XML Evaluation Techniques
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Techniques for the efficient evaluation of XML queries, and in particular for tree pattern queries.
- The first techniques concern structural joins and can be seen as foundational to all the others.
- Moreover, Structural joins are physical operators capable of combining tuples from two inputs, much in the way regular joins in the related case do, but based on a structural condition (thus the name).
- Formally, let p1 and p2 be some partial evaluation plans in an XML database, such that attribute X in the output of p1, denoted p1.X, and attribute Y from the output of p2, denoted p2.Y, both contain structural IDs.
- Let ≺ denote the binary relationship “isParentOf” and ≺≺ denote the binary relationship “isAncestorOf”.
- Formally then, the structural join of p1 and p2 on the condition that p1.X be an ancestor of p2.Y is defined as:
- and the structural join on the parent relation ≺ is similarly defined by:
Nested loop join : XML Evaluation Techniques
- The simplest physical structural join algorithms could proceed in nested loops.
- Also, One iterate over the output of p1 and for each tuple, one iterate over the output of p2.
- However, this leads to CPU costs in O(|p1|x|p2|), since each p1 tuple compared with each p2
Hash join: XML Evaluation Techniques
- As in traditional relational database settings, one could consider hash joins that often called upon for good performance, given that their CPU costs are in O(|p1|+|p2|).
- However, hash-based techniques cannot apply here, because the comparisons that need to carried are of the form “is id1 an ancestor of id2?”, which do not lead themselves to a hash-based approach.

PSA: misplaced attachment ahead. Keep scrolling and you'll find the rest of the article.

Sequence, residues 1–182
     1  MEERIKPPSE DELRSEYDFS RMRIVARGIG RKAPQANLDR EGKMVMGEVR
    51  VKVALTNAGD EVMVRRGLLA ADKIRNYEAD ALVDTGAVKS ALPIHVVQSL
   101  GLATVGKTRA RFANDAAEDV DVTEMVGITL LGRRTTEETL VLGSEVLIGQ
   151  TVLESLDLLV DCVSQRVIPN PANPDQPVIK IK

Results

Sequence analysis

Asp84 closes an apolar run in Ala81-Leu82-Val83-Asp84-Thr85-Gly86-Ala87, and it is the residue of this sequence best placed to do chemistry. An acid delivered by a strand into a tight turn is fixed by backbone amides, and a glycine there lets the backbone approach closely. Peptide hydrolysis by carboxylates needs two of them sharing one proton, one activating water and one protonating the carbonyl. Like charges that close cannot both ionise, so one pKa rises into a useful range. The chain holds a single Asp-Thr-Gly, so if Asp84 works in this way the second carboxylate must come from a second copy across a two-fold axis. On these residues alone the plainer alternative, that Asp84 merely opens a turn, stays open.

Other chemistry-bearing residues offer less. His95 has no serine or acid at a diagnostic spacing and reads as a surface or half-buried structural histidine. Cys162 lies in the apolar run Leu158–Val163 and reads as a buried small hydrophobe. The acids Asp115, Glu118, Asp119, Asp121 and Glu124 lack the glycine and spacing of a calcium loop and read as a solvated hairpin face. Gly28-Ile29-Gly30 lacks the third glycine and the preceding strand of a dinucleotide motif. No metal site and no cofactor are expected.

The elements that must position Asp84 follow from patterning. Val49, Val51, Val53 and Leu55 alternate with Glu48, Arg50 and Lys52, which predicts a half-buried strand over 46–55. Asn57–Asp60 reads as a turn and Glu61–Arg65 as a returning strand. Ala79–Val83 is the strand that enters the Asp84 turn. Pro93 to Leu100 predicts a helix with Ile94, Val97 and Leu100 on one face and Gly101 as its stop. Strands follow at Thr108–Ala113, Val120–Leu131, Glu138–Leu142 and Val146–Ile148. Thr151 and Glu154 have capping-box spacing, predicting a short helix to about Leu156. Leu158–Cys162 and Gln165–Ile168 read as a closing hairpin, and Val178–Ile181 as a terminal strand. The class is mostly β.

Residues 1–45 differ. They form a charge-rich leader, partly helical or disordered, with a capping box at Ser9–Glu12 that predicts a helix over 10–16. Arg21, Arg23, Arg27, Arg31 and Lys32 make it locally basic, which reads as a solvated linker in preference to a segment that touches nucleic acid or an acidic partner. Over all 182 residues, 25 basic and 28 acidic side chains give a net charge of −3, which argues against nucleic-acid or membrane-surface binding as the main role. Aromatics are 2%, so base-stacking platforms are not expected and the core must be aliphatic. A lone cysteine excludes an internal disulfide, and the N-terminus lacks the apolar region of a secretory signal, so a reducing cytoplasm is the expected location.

Stack-based join: XML Evaluation Techniques
- To efficiently perform this task, Stack-based structural joins operators have proposed originally for (start, end) ID scheme.
- So, They can use for other labeling schemes as well.
Optimizing Structural Join Queries
- Algorithm STD (Stack-Tree Descendant) allows combining two inputs based on a structural relationship between an ID attribute of one plan and an ID attribute of the other.
- Moreover, Using STD and the similar Stack-Tree Ancestor (STA), one can compute matches for larger query tree patterns, by combining sets of identifiers of nodes having the labels appearing in the query tree pattern.
- In general, it turns out that for any tree pattern query, there exist some plans using the STD and STA physical operators, and which do not require any Sort (also called fully pipelined plans).
- However, one cannot ensure a fully pipelined plan for a given join order.
- So, This complicates the problem of finding an effective evaluation plan based on structural joins because two optimization objectives are now in conflict:
- avoiding Sort operators (to reduce the time to the first output, and the total running time) and
- Choosing the join order that minimizes the sizes of the intermediary join results.
Related Terms : XML Evaluation Techniques